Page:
I’d put everything on this competition, worked furiously for nine months to have a manuscript ready for its closing. This was the right publisher, the perfect opportunity. The shortlist came mercifully early – 6am, just as I woke – but I wasn’t on it. I wasn’t as devastated as last year’s big attempt. Suck it up, this is the way of the world now. Continue reading
It’s nearing the end of 2017 and I’ve only noticed three Australian literary biographies published. I counted five last year, and thought that a low number; perhaps it was actually a bumper crop. The three I’ve noticed are Bernadette Brennan’s A Writing Life: Helen Garner and Her Work (Text); Kerrie Davies’ A Wife’s Heart: The Untold Story of Bertha and Henry Lawson (UQP); and Janelle McCulloch Beyond the Rock: the Life of Joan Lindsay and the Mystery of Picnic at Hanging Rock (Echo). What have I missed?
I haven’t read any of these yet but even at only three titles, they represent a good spread of Australian literature. Lawson must be the most covered biographical subject of any Australian writer, but Davies’ focus on Bertha is a new angle and apparently an innovative approach. The biography of Joan Lindsay gives us a solidly twentieth century writer; the title suggests the challenge of approaching (and marketing) a writer remembered for one book. And then Brennan’s biography is of a contemporary writer and sounds from the reviews as a work of biographical criticism, making it more possible to write while the subject is well and truly alive.
The quest to find out about Wandu, the house Katharine Susannah Prichard and Hugo Throssell lived in 1919, led to some interesting discoveries last month, some of which I wrote about for my column for KSP Writers’s Centre – it’s now up on their website.
I had some good news today – Peter Cowan Writers’ Centre let me know my biography workshop will be a part of their 2018 program. It’ll be on Saturday 17 March, 1:30pm – 4:30pm. If you know anyone in Perth working on a biography, please let them know. I’ve got the feeling that developing and running this workshop will be a valuable experience for my own practice.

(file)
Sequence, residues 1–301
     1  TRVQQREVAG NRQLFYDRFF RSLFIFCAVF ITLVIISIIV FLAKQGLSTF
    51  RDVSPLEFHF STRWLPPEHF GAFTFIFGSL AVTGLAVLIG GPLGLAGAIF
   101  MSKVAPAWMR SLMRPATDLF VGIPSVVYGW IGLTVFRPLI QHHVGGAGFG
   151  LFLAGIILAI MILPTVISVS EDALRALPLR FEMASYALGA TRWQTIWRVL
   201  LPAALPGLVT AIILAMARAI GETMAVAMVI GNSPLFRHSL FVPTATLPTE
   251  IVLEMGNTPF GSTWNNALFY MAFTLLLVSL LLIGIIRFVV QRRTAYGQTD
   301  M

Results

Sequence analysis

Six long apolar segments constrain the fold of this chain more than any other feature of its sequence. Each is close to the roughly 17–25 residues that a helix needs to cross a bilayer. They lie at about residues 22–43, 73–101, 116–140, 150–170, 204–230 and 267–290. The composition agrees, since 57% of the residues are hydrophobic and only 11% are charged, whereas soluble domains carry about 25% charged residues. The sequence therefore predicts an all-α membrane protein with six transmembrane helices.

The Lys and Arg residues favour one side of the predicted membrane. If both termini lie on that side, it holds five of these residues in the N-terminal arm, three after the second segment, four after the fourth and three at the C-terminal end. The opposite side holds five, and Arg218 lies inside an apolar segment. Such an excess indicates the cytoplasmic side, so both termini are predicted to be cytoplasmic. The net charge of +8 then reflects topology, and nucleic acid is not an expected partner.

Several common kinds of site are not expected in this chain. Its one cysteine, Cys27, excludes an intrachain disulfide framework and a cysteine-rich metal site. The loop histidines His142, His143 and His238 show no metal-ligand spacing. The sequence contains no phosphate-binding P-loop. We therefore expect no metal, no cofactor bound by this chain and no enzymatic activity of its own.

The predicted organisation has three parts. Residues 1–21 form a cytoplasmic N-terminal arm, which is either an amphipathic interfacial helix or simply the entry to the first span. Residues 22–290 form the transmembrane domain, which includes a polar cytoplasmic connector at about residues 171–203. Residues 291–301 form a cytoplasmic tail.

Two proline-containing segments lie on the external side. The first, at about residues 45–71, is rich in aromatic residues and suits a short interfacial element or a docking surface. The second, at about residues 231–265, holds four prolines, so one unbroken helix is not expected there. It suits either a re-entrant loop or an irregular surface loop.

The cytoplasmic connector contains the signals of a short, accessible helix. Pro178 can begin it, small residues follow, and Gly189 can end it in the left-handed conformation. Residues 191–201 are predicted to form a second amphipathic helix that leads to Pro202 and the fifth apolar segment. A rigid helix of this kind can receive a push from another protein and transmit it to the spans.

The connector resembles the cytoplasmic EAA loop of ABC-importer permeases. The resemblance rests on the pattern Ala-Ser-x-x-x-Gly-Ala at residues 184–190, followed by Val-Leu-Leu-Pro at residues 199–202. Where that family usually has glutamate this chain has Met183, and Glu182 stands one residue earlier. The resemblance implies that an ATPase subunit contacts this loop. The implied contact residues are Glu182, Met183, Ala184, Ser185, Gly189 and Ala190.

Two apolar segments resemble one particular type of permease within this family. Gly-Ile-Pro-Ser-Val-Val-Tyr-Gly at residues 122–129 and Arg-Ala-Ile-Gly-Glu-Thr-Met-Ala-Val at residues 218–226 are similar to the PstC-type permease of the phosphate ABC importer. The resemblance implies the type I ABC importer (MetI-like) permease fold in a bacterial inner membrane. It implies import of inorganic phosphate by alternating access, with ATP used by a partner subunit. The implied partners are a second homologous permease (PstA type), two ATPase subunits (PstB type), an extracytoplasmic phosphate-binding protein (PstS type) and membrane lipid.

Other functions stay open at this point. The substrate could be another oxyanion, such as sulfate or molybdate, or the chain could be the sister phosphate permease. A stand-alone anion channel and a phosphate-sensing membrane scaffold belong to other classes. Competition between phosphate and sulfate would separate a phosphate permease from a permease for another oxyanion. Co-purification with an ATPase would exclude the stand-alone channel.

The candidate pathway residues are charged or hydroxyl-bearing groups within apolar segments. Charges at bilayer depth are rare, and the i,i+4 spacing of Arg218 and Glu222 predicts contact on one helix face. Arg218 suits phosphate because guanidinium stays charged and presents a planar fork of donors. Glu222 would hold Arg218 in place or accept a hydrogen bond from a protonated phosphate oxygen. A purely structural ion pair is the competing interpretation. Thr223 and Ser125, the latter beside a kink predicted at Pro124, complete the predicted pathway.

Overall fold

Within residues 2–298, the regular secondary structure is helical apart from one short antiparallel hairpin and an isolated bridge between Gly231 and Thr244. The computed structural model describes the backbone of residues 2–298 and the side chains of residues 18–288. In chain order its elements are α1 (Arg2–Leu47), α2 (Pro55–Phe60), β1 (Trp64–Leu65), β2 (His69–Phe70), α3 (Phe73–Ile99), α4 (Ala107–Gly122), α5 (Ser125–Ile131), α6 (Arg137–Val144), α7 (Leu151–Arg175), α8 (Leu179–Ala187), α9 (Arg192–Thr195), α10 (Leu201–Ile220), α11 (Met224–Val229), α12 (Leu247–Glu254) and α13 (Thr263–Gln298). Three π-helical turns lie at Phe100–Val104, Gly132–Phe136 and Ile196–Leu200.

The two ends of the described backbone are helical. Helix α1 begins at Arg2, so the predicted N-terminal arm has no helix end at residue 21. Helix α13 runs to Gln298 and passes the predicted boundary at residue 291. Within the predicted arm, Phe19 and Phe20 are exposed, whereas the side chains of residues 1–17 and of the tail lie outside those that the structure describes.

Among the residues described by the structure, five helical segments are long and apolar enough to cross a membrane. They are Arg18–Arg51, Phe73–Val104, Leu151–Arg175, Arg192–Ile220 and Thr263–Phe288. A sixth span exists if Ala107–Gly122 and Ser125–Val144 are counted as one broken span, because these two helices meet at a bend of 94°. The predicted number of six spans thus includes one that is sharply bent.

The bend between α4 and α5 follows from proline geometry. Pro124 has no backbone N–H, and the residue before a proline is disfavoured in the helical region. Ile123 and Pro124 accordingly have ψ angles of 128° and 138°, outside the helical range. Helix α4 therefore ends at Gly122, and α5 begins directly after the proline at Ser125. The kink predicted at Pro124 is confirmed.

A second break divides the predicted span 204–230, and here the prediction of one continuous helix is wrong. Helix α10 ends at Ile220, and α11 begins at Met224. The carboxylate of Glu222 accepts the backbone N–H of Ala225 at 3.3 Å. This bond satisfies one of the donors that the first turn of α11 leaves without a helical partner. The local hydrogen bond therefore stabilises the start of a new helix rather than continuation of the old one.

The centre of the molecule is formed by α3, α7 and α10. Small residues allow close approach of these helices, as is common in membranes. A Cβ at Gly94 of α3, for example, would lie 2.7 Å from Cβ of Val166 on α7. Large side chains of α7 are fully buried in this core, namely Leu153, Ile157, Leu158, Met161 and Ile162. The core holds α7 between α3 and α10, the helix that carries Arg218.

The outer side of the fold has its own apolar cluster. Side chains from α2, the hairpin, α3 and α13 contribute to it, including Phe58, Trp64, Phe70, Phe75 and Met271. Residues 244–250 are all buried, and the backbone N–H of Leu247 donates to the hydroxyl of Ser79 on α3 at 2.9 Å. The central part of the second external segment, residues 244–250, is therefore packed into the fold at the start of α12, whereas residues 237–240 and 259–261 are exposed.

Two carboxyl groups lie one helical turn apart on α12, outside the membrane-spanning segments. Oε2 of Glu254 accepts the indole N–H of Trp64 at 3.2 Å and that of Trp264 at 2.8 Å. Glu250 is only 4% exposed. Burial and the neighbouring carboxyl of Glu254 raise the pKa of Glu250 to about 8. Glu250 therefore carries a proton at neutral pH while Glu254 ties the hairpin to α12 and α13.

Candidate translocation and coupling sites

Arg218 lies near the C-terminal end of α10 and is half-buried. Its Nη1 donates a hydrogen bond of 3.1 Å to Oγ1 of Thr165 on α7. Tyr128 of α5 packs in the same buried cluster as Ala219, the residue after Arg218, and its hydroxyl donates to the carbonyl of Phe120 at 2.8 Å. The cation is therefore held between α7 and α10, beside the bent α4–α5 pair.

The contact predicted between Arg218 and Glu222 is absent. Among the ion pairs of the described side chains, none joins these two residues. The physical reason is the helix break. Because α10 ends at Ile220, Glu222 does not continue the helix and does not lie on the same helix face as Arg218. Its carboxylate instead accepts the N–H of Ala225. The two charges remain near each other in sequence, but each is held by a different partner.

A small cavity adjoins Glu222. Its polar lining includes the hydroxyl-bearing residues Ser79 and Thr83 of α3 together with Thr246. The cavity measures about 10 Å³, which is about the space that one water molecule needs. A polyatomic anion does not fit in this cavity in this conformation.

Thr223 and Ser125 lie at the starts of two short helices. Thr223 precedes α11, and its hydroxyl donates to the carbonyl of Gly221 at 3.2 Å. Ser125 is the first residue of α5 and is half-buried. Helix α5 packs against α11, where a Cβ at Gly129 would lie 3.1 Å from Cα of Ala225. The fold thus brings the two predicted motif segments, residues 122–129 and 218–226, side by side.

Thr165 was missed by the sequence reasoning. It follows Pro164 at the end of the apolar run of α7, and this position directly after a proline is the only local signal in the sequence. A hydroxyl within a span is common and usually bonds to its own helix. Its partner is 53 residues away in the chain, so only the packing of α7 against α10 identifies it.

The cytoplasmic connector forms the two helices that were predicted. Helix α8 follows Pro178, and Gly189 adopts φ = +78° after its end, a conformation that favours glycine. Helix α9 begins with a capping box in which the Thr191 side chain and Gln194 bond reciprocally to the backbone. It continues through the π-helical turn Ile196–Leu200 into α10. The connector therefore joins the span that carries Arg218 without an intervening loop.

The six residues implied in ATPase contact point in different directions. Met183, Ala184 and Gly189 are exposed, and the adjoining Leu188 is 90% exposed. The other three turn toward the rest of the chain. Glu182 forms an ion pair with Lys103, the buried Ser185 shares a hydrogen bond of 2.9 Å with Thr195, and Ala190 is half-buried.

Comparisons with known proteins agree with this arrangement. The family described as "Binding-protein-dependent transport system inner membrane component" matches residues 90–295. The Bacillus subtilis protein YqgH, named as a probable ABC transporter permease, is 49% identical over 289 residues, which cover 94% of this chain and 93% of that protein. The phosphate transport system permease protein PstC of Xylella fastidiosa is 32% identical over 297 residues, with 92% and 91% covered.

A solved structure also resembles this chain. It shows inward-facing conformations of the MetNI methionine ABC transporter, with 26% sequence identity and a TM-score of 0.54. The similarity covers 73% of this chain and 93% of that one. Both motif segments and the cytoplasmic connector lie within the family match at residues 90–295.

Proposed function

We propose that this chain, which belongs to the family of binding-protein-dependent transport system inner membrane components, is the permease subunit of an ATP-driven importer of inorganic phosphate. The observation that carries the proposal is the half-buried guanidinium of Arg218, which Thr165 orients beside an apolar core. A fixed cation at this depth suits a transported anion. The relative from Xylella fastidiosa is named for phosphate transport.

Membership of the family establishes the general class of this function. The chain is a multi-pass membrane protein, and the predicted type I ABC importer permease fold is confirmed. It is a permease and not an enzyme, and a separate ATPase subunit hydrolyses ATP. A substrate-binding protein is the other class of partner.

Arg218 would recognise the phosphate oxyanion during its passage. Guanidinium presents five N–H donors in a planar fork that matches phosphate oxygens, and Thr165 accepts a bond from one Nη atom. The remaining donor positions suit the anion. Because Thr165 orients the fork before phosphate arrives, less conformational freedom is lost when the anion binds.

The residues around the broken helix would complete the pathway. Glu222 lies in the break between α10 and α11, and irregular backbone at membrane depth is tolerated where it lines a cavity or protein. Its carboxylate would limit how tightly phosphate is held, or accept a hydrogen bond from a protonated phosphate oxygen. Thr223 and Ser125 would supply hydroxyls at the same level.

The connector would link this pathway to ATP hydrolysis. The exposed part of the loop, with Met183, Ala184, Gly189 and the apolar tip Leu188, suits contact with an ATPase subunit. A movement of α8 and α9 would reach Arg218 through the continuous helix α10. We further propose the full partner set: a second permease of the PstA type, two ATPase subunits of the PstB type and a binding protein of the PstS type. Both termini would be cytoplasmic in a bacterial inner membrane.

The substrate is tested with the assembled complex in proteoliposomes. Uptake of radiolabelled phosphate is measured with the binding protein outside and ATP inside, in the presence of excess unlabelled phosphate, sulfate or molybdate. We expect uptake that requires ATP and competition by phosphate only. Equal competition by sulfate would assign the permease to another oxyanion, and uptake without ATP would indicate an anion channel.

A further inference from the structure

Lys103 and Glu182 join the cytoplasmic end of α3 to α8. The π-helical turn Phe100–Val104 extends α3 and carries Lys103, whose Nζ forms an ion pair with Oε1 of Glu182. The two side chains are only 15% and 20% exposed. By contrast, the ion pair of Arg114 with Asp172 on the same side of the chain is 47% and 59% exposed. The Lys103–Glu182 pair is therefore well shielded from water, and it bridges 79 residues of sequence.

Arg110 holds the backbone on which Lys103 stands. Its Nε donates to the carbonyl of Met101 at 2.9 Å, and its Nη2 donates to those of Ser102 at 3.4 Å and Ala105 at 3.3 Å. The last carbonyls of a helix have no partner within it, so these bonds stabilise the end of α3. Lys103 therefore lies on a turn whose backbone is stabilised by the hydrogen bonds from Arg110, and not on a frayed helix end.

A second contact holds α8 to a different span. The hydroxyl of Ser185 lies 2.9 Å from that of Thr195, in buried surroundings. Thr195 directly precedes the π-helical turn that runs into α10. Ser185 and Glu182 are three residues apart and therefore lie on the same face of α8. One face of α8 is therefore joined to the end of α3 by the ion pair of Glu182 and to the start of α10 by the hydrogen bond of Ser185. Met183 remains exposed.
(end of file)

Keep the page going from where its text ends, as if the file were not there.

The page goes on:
Detective, Historian, Storyteller: The Arts of the Biographer
A biographer needs many hats – detective, unearthing sources that reveal a life more fully; historian, analysing and putting these sources into context; and storyteller, weaving it all into a compelling narrative. This workshop introduces these roles of the biographer and gives practical tips and exercises to help you develop your skills.
I’ve been writing about Hugo Throssell’s infamous speech at Northam in July 1919 so I needed to visit the town. Newly married to Katharine Susannah Prichard, Hugo, a Victoria Cross winner, returned to his hometown as the guest of honour for the local celebration of the signing of the Treaty of Versailles. After the afternoon parade, he was one of five speakers in the evening and 1200 people witnessed him announce that the war had turned him into a socialist. There would keep being wars, he said, until we stopped people profiting from them.
I took my two-year-old son, Thomas. There were lots of diggers, buses, and trucks along the way to keep him interested until he suddenly fell asleep, just as I was going to call into the Greenmount Liquor Store on the way to talk about what I’d unearthed of the history of their shop. (It’s the last remnant of the Wandu Estate, where Katharine and Hugo first lived in WA.) So we kept driving without a stop, an hour and a half east of the city and into the Wheatbelt.
I’ve only visited Northam twice before but it’s familiar, reminding me of the town I grew up in, Collie. I stumbled on the Hugo Throssell statue and memorial before I even had my phone out to look for the Avon Street Mall, an unfinished space in the centre of town. It was hard to imagine 1200 people crowding in. The platform Hugo spoke from was meant to be outside the Fitzgerald Hotel, formerly Tattersall’s. The historical bin on the street gave a spiel on it, but the hotel was nowhere to be seen. Then I realised it’d been demolished a few years ago; the patch of green grass marked its spot. The statue was striking, oversized as statues need to be to have gravitas. It’s not a great likeness, but the ambiguous look of distress and determination on his face is appropriate for a veteran who was to suffer so much. He’s clutching his Victoria Cross. I’m glad the statue stands on the site he gave his speech; it means owning a difficult history.